Words and Mistakes

I made a mistake. I did. I admit it.

I read somewhere that it was Simon that asked the question "Do you see this woman?" And as Bible focused as I tend to be, I didn't return to the text. I took this as gospel and hinged my sermon around it. It was only this morning when I read the gospel lesson that I heard my error. Oh well. It still preached. It would have been a very different sermon if I had listened to Jesus. But, things would always be different if we were really listen to the big JC, right?

Of course, no one said anything about my error. They probably didn't notice. And yet, my struggle is to reclaim the text with progressive Protestants. We tend to shirk it. Or read it as we want (which I wasn't trying to do, I promise). So, I feel a little bad.

I heard my error while I lead the morning chapel service. This service has traditionally been a conversational sermon where the leader coaxes the congregation to explore what is happening. Usually, it is more sermon-like with little moments of reflection. But, today, I decided we would really explore this text in Luke. As God's still speaking people, we would voice our own understanding. I wanted to turn the whole sinner woman thing upside down. I wanted it to be clear that it was not Mary Magdalene. In fact, we know very little about this woman.

That's when another woman -- a member of the congregation who is quite proper and introduced herself as a snowbird -- articulated it rather matter of factly: well, she's a slut. I laughed aloud when this very proper looking woman in her 70s announced that this sinner woman is a slut. I'm not editing the word choice here. Because you can't make that up. Sometimes, I think, we need to use words that don't usually appear in church. Oh, but don't you worry. We wrestled with that for a while to figure out if we really know she was. I love these moments where we finally get to make these stories our own.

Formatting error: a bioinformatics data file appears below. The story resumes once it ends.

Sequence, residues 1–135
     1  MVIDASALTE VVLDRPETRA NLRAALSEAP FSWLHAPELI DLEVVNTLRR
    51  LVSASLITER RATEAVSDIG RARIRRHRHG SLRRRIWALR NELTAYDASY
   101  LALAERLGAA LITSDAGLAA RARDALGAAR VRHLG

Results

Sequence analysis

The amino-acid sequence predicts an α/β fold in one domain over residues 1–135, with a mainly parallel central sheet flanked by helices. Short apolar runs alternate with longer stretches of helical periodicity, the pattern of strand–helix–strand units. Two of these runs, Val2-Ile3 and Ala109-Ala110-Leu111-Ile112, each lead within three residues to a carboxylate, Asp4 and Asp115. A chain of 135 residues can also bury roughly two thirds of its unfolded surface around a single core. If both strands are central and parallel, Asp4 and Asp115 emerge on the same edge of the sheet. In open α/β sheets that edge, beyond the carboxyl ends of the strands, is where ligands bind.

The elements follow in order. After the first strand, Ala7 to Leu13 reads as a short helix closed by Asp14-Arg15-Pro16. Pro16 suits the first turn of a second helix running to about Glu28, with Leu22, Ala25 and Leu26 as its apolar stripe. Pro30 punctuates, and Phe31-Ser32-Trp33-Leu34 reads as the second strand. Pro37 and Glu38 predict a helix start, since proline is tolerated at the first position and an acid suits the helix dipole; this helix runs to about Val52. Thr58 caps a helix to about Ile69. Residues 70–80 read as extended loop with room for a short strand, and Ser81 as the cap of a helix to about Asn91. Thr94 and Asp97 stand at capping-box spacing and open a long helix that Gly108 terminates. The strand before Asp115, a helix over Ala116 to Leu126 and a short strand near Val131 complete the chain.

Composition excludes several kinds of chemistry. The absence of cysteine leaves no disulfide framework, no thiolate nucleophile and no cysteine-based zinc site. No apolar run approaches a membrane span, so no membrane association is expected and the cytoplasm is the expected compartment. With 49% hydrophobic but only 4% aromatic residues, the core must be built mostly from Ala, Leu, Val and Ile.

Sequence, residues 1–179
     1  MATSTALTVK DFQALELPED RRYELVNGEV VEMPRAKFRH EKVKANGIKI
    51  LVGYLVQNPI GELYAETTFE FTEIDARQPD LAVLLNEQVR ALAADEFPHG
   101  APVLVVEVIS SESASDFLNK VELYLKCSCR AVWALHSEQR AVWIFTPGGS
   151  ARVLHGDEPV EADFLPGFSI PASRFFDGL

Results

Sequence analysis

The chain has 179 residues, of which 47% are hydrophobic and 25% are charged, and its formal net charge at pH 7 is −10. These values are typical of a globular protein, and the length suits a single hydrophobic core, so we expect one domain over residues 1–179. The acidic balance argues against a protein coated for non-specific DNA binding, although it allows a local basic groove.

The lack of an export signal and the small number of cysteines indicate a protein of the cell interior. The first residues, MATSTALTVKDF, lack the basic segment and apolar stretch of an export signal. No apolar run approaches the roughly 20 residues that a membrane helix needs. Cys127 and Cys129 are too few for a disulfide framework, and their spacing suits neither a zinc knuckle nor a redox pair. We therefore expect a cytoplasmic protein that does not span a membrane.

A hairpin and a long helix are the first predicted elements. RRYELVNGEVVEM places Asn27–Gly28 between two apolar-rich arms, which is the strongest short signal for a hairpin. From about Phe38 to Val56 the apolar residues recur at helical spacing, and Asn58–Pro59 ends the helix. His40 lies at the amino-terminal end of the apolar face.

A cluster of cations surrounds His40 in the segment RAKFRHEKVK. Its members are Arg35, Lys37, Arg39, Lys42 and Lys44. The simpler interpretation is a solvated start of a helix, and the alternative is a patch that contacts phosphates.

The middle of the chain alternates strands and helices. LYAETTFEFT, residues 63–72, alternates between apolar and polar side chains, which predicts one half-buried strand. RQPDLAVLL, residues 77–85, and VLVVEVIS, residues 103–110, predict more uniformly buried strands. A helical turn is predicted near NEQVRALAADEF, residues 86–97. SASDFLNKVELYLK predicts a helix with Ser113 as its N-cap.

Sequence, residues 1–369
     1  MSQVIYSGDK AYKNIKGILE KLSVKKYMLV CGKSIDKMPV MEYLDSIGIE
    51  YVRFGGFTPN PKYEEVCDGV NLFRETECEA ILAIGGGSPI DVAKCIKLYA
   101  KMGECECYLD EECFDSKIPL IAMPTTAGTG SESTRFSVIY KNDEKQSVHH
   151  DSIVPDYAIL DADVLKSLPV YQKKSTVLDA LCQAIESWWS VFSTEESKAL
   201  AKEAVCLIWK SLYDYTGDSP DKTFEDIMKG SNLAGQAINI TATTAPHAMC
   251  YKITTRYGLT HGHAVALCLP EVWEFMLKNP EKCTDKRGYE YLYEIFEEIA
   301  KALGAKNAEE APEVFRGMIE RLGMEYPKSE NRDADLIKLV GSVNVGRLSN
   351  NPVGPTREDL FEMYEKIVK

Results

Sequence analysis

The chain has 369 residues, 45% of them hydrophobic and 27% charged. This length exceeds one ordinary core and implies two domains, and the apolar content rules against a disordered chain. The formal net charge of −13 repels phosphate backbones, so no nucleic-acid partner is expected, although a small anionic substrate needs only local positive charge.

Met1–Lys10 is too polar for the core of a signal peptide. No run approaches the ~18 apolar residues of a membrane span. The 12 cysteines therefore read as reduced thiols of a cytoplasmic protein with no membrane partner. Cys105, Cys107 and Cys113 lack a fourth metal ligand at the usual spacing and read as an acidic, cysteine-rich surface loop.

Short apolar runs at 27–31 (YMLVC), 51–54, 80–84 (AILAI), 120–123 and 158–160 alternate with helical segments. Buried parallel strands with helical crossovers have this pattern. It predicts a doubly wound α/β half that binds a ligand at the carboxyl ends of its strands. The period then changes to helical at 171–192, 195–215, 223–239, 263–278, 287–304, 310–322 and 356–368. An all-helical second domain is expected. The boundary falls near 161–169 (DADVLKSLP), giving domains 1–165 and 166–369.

J. Shorb said...

That's a great story at the the end. The woman calling her a slut. I always think about boundary crossing in this case. The woman crossed the proscribed social lines. And the woman in your congregation might have crossed a line for some (perhaps even for herself). But it pushes me -- us maybe -- to think harder.

I've been thinking more about a health perspective on this passage, and I think that boundary crossing is it. There are people we still label as "sinners" for their behavior (which can be tied into a disease or ailment). Poverty often brings illness. Alienation often brings illness, too.

Thanks for the story.

We Do It Too said...

you made a mistake? no.

if it makes you feel any better, i once preached a sermon based on the woman breaking an alabaster jar of ointment over jesus' head. i swear i read that somewhere...i swear.

Songbird said...

Well, she broke the jar and poured the ointment on his head...so, close.

Love the way this broke open in the discussion.